At the sound of the supercillious, sneering voice querying him, Dekker looked back… into unsettling eyes of Elga Karsh, sanctioned psyker, self-described loner and general test of patience for whomever happened to be unfortunate enough to be sent on missions alongside of her. She was delicately wiping the polluted blood of a Moebian Scab trooper off the blade of an intricately-worked Maccabean dueling sword that was nearly as long, slender and pointed as she was, and looked incongrously bored for someone who had been engaged in a chaotic fight to the death with a squad of Traitor Guard only a few minutes ago.
Dekker smirked in a deliberately unpleasant, wouldn’t-you-like-to-know manner.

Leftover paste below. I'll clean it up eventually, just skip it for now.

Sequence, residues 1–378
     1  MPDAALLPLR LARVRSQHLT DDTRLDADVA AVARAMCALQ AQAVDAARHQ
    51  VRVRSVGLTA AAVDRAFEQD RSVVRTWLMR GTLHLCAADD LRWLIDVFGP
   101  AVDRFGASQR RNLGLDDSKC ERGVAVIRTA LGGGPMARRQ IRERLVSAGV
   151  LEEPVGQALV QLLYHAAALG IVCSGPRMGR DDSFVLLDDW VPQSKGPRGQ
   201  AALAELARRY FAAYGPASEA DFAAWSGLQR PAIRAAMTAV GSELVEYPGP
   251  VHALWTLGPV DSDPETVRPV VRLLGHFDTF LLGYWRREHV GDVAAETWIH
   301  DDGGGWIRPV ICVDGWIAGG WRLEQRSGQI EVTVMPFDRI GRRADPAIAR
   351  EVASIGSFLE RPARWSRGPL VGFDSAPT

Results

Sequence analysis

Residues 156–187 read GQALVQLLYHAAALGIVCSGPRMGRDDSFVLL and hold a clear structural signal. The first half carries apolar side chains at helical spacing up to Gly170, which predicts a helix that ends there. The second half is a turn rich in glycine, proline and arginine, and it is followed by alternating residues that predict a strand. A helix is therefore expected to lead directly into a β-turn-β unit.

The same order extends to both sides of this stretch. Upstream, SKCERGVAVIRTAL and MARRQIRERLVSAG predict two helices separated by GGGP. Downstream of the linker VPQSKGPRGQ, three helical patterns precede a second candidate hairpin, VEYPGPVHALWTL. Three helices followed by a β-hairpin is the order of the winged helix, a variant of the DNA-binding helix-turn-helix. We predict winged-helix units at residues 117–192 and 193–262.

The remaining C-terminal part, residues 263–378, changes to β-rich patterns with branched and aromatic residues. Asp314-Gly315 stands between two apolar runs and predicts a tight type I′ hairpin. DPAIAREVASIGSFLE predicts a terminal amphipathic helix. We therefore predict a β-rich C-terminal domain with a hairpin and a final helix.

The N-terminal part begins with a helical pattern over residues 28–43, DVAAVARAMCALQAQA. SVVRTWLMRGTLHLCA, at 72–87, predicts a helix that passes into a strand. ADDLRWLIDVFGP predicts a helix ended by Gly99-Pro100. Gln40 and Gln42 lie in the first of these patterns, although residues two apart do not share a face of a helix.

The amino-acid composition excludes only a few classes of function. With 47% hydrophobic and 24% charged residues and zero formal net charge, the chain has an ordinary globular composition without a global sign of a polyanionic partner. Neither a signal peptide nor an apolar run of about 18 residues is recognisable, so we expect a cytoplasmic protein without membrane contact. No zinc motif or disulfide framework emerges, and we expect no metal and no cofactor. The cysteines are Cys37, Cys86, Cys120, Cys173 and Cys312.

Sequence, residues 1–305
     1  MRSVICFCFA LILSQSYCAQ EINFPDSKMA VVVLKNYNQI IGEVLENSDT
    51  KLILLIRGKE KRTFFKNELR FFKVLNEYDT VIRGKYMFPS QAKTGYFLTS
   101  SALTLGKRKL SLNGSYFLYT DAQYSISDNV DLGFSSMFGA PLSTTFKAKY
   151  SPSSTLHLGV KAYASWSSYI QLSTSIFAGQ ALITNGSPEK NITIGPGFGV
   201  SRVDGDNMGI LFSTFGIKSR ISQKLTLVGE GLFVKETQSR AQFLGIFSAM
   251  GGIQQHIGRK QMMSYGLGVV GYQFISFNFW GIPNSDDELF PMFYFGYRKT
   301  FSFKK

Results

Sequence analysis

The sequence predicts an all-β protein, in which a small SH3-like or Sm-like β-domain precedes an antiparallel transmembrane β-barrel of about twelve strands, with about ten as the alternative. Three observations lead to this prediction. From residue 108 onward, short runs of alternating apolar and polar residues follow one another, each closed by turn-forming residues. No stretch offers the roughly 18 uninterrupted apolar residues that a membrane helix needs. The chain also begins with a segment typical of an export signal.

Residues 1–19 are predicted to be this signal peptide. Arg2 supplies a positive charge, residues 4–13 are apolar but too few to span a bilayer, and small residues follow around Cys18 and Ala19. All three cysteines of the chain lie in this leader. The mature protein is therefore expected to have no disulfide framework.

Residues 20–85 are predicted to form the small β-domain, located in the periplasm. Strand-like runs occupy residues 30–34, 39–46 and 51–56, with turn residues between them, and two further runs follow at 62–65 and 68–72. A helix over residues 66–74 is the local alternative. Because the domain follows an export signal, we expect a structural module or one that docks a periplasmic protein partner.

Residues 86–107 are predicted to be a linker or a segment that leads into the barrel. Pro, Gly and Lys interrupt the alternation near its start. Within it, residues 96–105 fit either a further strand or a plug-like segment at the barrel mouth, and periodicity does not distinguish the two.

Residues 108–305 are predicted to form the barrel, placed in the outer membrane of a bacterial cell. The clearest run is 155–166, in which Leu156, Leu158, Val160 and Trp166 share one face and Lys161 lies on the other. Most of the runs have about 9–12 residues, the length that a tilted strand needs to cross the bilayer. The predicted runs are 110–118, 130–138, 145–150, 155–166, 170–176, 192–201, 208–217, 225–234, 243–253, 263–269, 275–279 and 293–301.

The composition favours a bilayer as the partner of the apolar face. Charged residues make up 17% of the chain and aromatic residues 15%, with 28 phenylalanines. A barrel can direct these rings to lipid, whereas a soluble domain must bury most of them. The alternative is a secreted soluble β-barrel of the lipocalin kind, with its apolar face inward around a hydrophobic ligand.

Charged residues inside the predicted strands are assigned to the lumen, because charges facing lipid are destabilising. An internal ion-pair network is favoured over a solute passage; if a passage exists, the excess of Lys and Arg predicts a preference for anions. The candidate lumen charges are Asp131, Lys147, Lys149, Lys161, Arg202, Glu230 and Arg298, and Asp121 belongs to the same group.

“You’re the mind-reader. Why don’t you tell me?”
Elga rolled her faintly-glowing eyes.
“Oh no, I’ve had more than enough of that, thank you very much,” she sniffed archly. Dekker had made a point of mentally picturing her naked the last time that she had tried to root around in his brain, an experience which the witch had apparently found off-putting enough to dissuade her from further efforts at casually prying into the inner workings of the former Guardsman’s mind.
“Get a room,” rumbled the weighty voice of Droog, a nearly three-metre-tall Ogryn who had, however improbably, been attached to Dekker’s team for this mission.
Dekker and the witch simultaneously swung around to glare daggers at the behemoth.
“What?” Droog demanded peevishly. “Is joke I hear on Mourningstar.”